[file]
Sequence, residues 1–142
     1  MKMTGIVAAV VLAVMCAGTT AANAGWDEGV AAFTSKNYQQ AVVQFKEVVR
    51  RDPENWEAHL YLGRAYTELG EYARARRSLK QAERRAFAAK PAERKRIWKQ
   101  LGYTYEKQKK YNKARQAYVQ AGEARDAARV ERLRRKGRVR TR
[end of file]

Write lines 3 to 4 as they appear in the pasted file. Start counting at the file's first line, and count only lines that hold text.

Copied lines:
    51  RDPENWEAHL YLGRAYTELG EYARARRSLK QAERRAFAAK PAERKRIWKQ
   101  LGYTYEKQKK YNKARQAYVQ AGEARDAARV ERLRRKGRVR TR